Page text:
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Fermat’s Riddle

Posted in Books, Kids, R with tags , , , , , , , , , , on October 16, 2020 by xi'an

·A Fermat-like riddle from the Riddler (with enough room to code on the margin)

An  arbitrary positive integer N is to be written as a difference of two distinct positive integers. What are the impossible cases and else can you provide a list of all distinct representations?

Since the problem amounts to finding a>b>0 such that

N=a^2-b^2=(a-b)(a+b)

both (a+b) and (a-b) are products of some of the prime factors in the decomposition of N and both terms must have the same parity for the average a to be an integer. This eliminates decompositions with a single prime factor 2 (and N=1). For other cases, the following R code (which I could not deposit on tio.run because of the packages R.utils!) returns a list

library(R.utils)
library(numbers)
bitz<-function(i,m) #int2bits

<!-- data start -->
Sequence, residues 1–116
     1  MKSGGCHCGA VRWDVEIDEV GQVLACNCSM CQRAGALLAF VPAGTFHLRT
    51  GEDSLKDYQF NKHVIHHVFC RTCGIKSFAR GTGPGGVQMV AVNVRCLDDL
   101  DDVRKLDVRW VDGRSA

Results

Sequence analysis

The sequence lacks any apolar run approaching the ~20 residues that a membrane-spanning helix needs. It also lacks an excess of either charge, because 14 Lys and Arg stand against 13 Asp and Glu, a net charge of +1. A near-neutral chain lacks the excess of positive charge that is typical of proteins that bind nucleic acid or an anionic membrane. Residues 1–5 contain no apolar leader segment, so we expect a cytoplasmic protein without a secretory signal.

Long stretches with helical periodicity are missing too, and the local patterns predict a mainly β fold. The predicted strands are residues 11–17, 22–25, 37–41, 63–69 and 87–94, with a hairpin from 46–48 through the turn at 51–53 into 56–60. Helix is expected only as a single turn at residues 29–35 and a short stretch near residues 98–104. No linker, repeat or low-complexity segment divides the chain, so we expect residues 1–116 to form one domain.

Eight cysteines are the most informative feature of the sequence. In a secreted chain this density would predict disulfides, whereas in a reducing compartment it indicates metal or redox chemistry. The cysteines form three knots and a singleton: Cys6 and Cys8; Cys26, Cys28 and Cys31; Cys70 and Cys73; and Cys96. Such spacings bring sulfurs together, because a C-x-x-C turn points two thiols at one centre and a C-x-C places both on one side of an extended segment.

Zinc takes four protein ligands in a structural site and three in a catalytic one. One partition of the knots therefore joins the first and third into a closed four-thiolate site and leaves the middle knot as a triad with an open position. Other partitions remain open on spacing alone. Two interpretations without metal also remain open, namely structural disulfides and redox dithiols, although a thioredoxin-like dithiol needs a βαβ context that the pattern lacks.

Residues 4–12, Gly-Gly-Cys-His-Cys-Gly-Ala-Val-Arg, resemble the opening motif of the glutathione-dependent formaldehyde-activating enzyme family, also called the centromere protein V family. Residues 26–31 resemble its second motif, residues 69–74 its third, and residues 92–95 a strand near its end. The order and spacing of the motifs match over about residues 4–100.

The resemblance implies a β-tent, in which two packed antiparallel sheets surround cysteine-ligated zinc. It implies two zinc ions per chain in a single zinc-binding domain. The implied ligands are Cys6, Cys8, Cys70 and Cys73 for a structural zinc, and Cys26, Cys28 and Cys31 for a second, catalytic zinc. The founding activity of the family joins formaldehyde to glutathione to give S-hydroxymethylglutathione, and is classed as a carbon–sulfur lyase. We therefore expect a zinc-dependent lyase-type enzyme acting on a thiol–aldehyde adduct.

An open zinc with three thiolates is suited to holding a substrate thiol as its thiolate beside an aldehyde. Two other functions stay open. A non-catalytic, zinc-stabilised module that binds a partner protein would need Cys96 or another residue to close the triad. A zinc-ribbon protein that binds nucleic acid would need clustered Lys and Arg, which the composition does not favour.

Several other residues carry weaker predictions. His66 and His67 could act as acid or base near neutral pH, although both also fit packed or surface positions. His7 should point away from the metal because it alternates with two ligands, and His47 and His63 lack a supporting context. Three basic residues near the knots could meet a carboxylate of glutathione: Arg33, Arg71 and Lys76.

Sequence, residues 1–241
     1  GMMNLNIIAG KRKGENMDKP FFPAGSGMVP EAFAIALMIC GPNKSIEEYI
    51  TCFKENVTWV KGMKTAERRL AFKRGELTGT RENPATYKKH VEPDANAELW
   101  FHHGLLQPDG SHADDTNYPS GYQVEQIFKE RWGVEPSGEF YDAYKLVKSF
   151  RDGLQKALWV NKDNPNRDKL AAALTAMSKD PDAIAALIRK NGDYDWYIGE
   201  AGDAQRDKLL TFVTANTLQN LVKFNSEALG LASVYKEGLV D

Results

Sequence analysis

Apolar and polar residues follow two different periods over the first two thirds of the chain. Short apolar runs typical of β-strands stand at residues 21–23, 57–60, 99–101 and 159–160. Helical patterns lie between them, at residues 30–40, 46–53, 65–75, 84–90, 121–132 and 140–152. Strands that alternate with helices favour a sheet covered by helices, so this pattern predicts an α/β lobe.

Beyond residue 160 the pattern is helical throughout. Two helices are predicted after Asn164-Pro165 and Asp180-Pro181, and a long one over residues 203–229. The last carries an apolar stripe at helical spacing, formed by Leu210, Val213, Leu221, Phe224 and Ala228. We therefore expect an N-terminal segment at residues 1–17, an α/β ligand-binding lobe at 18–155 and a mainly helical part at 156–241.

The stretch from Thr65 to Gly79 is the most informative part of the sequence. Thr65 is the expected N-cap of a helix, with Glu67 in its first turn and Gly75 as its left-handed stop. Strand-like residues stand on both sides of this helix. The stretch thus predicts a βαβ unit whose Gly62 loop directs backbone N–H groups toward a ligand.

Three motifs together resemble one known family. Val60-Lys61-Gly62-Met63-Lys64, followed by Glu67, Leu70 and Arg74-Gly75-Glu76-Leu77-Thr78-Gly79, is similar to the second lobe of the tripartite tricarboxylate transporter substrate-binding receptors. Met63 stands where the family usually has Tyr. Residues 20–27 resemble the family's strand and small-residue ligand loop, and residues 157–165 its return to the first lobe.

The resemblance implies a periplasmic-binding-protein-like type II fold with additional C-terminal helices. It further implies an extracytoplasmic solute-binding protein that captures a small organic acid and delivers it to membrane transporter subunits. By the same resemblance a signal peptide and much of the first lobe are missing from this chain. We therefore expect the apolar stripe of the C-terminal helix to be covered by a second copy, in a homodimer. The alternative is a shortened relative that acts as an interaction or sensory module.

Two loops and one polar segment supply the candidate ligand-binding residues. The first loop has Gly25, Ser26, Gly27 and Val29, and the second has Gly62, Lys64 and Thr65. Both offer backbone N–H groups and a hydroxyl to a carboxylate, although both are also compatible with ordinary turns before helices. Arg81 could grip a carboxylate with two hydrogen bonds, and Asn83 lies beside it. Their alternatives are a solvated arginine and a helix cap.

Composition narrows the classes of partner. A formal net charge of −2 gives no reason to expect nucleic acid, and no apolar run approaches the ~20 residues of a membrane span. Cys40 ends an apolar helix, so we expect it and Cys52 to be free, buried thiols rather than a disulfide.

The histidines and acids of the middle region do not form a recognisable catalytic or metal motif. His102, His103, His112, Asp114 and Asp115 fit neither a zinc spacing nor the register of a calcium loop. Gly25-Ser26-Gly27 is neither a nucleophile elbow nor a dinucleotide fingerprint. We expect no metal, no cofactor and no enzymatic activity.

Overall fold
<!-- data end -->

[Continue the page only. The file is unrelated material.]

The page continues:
c(rev(as.binary(i)),rep(0,m))[1:m]
ridl=function(n){
a=primeFactors(n)
if((n==1)|(sum(a==2)==1)){
  print("impossible")}else{
  m=length(a);g=NULL
  for(i in 1:2^m){
    b=bitz(i,m)
    if(((d<-prod(a[!!b]))%%2==(e<-prod(a[!b]))%%2)&(d<e))
      g=rbind(g,c(k<-(e+d)/2,l<-(e-d)/2))}
  return(g[!duplicated(g[,1]-g[,2]),])}}

For instance,

> ridl(1456)
     [,1] [,2]
[1,]  365  363
[2,]  184  180
[3,]   95   87
[4,]   59   45
[5,]   40   12
[6,]   41   15

Checking for the most prolific N, up to 10⁶, I found that N=6720=2⁶·3·5·7 produces 20 different decompositions. And that N=887,040=2⁸·3²·5·7·11 leads to 84 distinct differences of squares.

le compte est bon

Posted in Books, Kids, R with tags , , , , , , on July 22, 2020 by xi'an

The Riddler asks how to derive 24 from (1,2,3,8), with each number appearing once and all operations (x,+,/,-,^) allowed. This reminded me of a very old TV show on French TV, called Le compte est bon!, where players were given 5 or 6 numbers and supposed to find a given total within 60 ,seconds. Unsurprisingly there is an online solver for this game, as shown above, e.g., 24=(8+3+1)x2. But it proves unable to solve the puzzle when the input is 24 and (2,3,3,4), only using 2,3 and 4, since 24=2x3x4. Introducing powers as well, since exponentiation is allowed, leads to two solutions, (4-2)³x3=(4/2)³x3=(3²-3)x4=3/(2/4)³=24… Not fun!

I however rewrote an R code to check whether 24 was indeed a possibility allowed with such combinations but could not find an easy way to identify which combination was used, although a pedestrian version eventually worked! And exhibited the slightly less predictable 43/2x3=24!